I wanted to start this post with a way to immediately transition into talking about Downton Abbey, so I thought it would be relevant to mention the fact that my 23rd great grandfather was King Henry III. But then I decided that may be a bit haughty. And then I thought I could transition with telling you all that my 16th great grandmother was Elizabeth Woodville, Queen Consort of England or that my 12th great aunt was Catherine Howard (yeah, yeah, another queen). But then I thought, “…eh, boring.” And then I thought I would mention that most of my ancestors belonged to the Plantagenets and Arundels or that Elijah Robosson, Colonel in the American Revolution, was my fifth great grandfather. But I know you guys don’t want to hear about my (awesome) family. Besides, I’m no closer to living in Buckingham Palace than any other Joe Blow walkin’ down the street. Let’s talk a little Downton Abbey.
“What’s Downton Abbey?”
Screechy record sounds.
I’m sorry…what? What? It’s only the best, most tenaciously addicting show, a socially acceptable way to watch a soap opera, disguised with elaborate turn-of-the-20th-century fashion and extreme character development and a set design that is perfected by it being set, well, in a real castle. It’s a fascinating story of high society and working class people and, almost surprisingly, you, as the viewer, end up pulling for both sides to win in their separate and sometimes intertwining stories. I’m like an old soul when Sunday nights roll around. I’m glued to PBS, turning up the volume and sitting silently in case I miss some tiny detail that can change the whole meaning of the season’s story. I, undoubtedly, highly recommend it.
I remember watching the wedding episode (Mary and Matthew, of course) and feeling slightly restless when the kitchen was shown. Just imagine it. It’s the biggest wedding to-do anywhere around. VIPs, and I mean V-I-Ps, are arriving to celebrate. History is throwin’ itself down. And you’re the cook. The cook. And you are asked to make, not just a pan of BBQ or hamburgers kept warm with a dirty Sterno, but platters of luxuriously decorated roasted game and perfectly whipped sugared meringues and piping hot silky soup in the purest white and gold china available. Phew. And as much as I love making wedding cakes, I still stress with that one simple task. Props to Mrs. Patmore and her staff. Lots of props.
These crackers would have been made by Mrs. Patmore for guests and/or tea time. They’re not as crackerish as, say, a water cracker, but are a little more hearty, almost like a savory cookie. If you can remember back to when I was cooking a lot of Harry Potter recipes last year, you may remember the book The Unofficial Harry Potter Cookbook. This recipe for Mrs. Patmore’s crackers is from The Unofficial Downton Abbey Cookbook, having the same publisher as the Harry Potter book, and is written by Emily Ansara Baines. It’s totally cool and gives you recipes for each course for a typical dinner, plus a few recipes that the downstairs staff may have eaten. It’s awesome. Exercise that library card, kids.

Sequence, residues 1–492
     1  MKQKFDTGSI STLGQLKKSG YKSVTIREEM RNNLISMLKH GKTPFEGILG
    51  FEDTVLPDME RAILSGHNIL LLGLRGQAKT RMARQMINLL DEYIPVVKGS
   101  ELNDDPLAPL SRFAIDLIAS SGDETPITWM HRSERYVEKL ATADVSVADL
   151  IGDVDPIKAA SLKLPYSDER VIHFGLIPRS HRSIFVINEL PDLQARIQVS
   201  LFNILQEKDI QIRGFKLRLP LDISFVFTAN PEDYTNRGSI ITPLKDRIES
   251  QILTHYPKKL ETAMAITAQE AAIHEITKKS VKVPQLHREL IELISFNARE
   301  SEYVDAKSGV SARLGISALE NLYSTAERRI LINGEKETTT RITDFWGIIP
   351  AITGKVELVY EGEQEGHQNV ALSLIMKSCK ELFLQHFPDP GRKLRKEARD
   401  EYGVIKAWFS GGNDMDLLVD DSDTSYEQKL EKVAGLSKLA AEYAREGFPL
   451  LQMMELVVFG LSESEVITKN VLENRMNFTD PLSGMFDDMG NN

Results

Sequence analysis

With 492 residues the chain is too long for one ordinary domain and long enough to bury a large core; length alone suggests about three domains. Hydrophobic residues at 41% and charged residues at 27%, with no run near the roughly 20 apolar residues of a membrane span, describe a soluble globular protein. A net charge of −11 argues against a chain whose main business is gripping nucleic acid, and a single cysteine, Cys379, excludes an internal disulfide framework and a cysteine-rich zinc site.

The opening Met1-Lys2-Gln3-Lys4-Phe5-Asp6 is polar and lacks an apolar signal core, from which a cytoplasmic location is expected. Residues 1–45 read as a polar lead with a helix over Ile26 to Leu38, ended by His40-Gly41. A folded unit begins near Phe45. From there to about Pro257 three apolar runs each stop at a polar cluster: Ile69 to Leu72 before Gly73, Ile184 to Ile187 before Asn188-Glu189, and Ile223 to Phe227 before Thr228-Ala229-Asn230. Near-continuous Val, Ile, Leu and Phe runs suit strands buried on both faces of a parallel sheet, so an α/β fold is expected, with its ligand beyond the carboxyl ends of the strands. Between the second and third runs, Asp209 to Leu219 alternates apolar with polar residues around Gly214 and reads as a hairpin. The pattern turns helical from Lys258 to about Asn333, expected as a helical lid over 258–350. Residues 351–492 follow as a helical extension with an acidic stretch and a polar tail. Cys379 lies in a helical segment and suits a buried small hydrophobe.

mrs. patmore’s rosemary oat crackers
yield: 50-60 crackers
from Emily Ansara Baines’ The Unofficial Downton Abbey Cookbook
2 cups old-fashioned rolled oats
1 tsp kosher salt
1/2 tsp freshly ground black pepper
1 1/2 tsp rosemary leaves, chopped
1/4 tsp garlic powder
1/4 cup plus 2 tbsp unbleached all-purpose flour
3/4 tsp baking powder
1/2 cup unsalted butter, chopped
1/4 cup whole milk
Preheat the oven to 350º. Pulse oats in a food processor until chopped and fine. Add salt, pepper, rosemary, garlic powder, 1/4 cup flour, baking powder, and butter. Pulse until mixture turns into coarse bread crumbs. Pour in milk and pulse until the ingredients combine to form a dough, approximately 45 seconds.
With a rolling pin, roll dough until it’s 1/8-inch-thick on a lightly floured surface. Cut about 50-60 squares (or rounds). Place squares on parchment-lined baking sheets and bake for about 15-20 minutes or until crackers are lightly browned on the bottom. Transfer crackers to a cooling rack and allow to cool completely before serving.
Note: My final product made a cracker that was hearty, but still a little fragile. I think these may be better for eating plain rather than using them to serve other items on, such as chicken salad or a heavy spread.
And now a shoutout to my twin who did a ton of family history research to find out that (switch to rich person voice) our family is royalty. (Switch out of rich person voice) Just kidding, y’all. But ancestral history is so neat and allows you to see how you got where you are now, whether your family is English or from Germany or even if your ancestry stops at a dirt road in the middle of South Carolina. Whoops, I just turned into an old soul again. It actually happens a lot. I’m okay with that.